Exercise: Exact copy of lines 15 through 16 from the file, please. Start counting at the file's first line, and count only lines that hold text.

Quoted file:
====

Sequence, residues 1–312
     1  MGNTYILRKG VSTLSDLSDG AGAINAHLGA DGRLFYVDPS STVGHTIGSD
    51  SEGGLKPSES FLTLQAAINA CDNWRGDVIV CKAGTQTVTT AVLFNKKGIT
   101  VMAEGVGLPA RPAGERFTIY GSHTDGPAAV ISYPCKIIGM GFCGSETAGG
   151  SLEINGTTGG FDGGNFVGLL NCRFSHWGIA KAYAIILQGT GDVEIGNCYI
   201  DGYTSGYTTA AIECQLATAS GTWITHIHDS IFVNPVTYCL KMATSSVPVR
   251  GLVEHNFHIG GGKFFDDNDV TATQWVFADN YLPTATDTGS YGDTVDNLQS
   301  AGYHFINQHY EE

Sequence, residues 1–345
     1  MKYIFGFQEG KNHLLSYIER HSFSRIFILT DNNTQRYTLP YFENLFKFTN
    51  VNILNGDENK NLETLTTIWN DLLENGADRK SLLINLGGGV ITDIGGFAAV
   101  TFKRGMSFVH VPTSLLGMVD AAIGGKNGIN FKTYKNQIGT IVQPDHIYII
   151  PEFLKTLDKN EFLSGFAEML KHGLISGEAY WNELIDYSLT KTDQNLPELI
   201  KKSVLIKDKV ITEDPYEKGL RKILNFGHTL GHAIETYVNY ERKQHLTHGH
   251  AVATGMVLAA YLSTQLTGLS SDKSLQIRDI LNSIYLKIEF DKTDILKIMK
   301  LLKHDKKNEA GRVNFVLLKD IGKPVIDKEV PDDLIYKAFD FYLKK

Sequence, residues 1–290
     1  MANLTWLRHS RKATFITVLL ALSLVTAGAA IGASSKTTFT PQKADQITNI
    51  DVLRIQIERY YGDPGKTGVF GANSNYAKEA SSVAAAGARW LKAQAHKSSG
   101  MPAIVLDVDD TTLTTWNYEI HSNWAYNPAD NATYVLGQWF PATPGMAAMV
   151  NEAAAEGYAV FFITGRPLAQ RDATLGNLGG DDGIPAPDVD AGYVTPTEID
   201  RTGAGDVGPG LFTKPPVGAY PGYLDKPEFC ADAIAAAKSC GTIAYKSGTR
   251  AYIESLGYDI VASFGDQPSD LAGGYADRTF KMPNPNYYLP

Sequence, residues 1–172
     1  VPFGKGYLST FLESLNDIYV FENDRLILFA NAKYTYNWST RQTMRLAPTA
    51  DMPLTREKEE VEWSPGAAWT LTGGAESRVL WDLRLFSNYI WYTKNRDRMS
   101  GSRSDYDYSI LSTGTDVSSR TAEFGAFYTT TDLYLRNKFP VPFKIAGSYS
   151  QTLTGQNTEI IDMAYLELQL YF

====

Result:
   251  AVATGMVLAA YLSTQLTGLS SDKSLQIRDI LNSIYLKIEF DKTDILKIMK
   301  LLKHDKKNEA GRVNFVLLKD IGKPVIDKEV PDDLIYKAFD FYLKK